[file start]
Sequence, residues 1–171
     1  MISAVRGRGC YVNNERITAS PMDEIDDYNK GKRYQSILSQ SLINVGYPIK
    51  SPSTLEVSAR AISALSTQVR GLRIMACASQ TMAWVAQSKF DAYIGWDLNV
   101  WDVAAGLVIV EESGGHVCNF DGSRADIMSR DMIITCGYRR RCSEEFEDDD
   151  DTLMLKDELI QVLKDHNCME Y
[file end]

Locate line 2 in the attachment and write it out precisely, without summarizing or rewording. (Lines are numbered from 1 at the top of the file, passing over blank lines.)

     1  MISAVRGRGC YVNNERITAS PMDEIDDYNK GKRYQSILSQ SLINVGYPIK